Lebanon’s Prime Minister-designate Najib Mikati promised the Lebanese people in his first interview after being tasked with forming a government to “tell the truth about everything.”
Mikati received in the binding parliamentary consultation on Monday 72 votes out of a possible 118, replacing Saad Hariri, who resigned as PM-designate on July 15 after nine months of failed negotiations with President Michel Aoun to form a government.
In an exclusive interview with Nayla Tueni, editor-in-chief of Lebanese newspaper An-Nahar, Mikati said that “Hariri’s patriotic feeling prompted him to step down.” He also stated that “there are international and American guarantees that Lebanon will not collapse.”
Mikati said that he wants “to form a government of specialists”, and will implement a previously proposed French initiative that is “capable of helping Lebanon.”
He stressed the need to address the electricity problem, and fuel outages recently which is threatening the country of total darkness.
The country is also experiencing an ongoing financial meltodwn, during which the currency has lost more than 95 percent of its value. Mikati said that “banks are experiencing difficulties but work can be done to solve these hurdles.”
As for the challenge of forming a new government, almost a year after the previous authority resigned in the aftermath of the Aug. 4 explosion at Beirut’s port, Mikati said: “President Michel Aoun is betting on the government and wants to save the country. I told him that I will visit Baabda Palace as soon as (possible) to start forming the government.”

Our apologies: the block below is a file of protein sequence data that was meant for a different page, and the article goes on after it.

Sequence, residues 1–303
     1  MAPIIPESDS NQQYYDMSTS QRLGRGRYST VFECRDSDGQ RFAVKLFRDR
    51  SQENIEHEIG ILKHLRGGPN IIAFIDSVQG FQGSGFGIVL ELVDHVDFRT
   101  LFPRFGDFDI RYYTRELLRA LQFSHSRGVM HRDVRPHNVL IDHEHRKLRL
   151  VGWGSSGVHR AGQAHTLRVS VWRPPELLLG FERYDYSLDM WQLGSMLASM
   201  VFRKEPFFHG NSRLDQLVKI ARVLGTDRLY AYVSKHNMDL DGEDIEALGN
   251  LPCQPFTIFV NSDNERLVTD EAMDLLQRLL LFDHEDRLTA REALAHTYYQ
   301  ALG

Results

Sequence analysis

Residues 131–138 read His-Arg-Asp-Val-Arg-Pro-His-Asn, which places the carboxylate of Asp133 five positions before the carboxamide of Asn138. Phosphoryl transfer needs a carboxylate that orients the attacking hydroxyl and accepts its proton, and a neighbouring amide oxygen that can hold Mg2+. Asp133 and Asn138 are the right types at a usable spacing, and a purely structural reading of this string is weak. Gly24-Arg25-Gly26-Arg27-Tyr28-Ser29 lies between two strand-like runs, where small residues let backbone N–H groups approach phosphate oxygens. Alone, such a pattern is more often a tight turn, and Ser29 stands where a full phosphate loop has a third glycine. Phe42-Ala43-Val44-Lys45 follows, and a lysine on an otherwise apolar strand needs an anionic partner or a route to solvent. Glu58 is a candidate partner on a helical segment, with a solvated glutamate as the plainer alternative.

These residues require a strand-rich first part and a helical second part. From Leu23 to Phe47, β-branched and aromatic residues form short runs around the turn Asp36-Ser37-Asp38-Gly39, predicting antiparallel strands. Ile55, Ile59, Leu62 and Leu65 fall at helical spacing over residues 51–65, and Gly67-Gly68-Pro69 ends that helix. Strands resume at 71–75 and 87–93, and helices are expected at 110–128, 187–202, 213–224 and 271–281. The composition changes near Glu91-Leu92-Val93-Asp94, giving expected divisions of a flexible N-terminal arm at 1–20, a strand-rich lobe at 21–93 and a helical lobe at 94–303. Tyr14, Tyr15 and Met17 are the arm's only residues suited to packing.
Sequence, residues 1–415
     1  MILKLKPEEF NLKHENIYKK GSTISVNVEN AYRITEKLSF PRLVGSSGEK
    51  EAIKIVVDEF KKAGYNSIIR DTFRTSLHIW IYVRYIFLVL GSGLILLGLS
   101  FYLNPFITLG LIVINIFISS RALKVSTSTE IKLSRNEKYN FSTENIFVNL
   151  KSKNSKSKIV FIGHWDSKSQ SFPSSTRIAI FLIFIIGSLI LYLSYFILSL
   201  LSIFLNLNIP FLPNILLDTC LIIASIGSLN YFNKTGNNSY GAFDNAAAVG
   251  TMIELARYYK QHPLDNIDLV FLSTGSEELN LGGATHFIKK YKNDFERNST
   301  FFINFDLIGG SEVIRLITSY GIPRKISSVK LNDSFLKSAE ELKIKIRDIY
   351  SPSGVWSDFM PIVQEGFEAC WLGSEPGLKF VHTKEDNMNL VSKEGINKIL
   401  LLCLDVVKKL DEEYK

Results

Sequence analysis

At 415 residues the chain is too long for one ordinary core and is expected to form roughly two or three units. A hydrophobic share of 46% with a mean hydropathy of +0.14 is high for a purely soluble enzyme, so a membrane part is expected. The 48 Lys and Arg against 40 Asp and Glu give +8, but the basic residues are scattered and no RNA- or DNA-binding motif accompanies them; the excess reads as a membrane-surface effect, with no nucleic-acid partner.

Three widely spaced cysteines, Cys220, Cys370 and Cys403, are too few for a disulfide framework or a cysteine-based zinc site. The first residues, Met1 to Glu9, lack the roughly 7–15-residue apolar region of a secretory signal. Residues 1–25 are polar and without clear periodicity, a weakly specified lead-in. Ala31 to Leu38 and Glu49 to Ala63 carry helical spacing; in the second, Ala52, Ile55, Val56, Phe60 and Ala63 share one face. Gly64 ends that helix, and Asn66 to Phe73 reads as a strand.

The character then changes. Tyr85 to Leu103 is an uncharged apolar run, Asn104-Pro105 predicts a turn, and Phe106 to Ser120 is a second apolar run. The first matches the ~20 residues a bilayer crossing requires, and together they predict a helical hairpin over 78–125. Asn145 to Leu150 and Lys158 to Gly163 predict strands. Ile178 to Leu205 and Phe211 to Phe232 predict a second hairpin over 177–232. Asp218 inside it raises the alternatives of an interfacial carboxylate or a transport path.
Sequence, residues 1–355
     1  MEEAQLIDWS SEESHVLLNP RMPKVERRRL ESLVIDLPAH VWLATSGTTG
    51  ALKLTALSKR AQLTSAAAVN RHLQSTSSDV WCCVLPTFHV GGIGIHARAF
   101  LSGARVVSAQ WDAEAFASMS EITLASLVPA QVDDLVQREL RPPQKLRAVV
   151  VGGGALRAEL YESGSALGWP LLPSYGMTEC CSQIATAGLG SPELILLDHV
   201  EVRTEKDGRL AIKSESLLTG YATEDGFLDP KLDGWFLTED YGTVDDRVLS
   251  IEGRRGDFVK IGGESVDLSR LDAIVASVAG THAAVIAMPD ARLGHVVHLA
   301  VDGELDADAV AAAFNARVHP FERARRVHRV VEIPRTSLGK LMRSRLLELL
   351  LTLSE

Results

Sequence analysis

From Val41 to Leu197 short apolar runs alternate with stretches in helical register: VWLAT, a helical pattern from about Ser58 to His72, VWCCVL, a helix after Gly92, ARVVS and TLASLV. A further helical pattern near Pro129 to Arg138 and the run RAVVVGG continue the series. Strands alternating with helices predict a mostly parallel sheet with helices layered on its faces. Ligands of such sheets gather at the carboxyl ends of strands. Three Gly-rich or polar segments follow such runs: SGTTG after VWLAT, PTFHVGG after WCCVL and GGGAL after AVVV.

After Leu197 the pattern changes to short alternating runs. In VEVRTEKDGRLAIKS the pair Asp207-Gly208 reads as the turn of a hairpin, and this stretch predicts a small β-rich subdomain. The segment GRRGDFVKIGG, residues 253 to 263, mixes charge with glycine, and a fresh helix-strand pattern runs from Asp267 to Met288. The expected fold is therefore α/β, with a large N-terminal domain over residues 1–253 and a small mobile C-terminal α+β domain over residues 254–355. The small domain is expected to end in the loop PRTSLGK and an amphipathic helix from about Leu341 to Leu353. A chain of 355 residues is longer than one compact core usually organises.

He added: “I have been designated to continue (this task) and there is light at the end of the tunnel. I can carry out this task.”
“I know my limits in the relationship between Hezbollah and Iran. We are with the Arab option, and we do not want Lebanon to be a conduit for conspiracy against any Arab country.”
Two Christian parliamentary groups refused to nominate Mikati during the consultations, but he said he “understands their position and it is not personal.” He added that his relationship with them “is excellent and is based on respect.” He pointed out that the country is on the cusp of parliamentary elections and predicted that the groups “will support me from the outside because they are looking forward to four years in parliament.”
Talking about the Beirut explosion, Mikati said it “is a disaster that requires great efforts to be dealt with. We want to know the truth about who brought in the ammonium nitrate.” It was stored at the port without proper safety precautions and caused the disaster. He said that Judge Tarek Bitar, who is leading the official investigation into the blast, “is a man of conscience.”
In 2019 Mikati faced corruption charges relating to housing loans, but said he “did not commit any infringements.”
A businessman who does not represent a particular political party or bloc, Mikati has served as PM on two previous occasions: on a caretaker basis for three months in 2005 and from June 2011 until February 2014.